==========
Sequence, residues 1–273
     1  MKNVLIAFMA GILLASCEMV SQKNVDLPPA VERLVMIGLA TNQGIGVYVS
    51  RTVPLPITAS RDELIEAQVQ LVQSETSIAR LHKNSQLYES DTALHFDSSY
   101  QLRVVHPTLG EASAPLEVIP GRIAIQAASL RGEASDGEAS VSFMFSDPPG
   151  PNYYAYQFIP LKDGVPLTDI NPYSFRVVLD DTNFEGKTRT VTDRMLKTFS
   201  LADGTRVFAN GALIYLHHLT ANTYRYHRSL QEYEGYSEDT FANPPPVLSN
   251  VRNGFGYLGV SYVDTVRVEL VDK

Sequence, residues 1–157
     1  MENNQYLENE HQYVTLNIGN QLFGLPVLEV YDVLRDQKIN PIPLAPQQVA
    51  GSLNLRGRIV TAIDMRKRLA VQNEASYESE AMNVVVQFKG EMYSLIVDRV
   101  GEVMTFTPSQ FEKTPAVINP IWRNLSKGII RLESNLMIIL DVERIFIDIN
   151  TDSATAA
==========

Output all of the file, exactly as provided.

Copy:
Sequence, residues 1–273
     1  MKNVLIAFMA GILLASCEMV SQKNVDLPPA VERLVMIGLA TNQGIGVYVS
    51  RTVPLPITAS RDELIEAQVQ LVQSETSIAR LHKNSQLYES DTALHFDSSY
   101  QLRVVHPTLG EASAPLEVIP GRIAIQAASL RGEASDGEAS VSFMFSDPPG
   151  PNYYAYQFIP LKDGVPLTDI NPYSFRVVLD DTNFEGKTRT VTDRMLKTFS
   201  LADGTRVFAN GALIYLHHLT ANTYRYHRSL QEYEGYSEDT FANPPPVLSN
   251  VRNGFGYLGV SYVDTVRVEL VDK

Sequence, residues 1–157
     1  MENNQYLENE HQYVTLNIGN QLFGLPVLEV YDVLRDQKIN PIPLAPQQVA
    51  GSLNLRGRIV TAIDMRKRLA VQNEASYESE AMNVVVQFKG EMYSLIVDRV
   101  GEVMTFTPSQ FEKTPAVINP IWRNLSKGII RLESNLMIIL DVERIFIDIN
   151  TDSATAA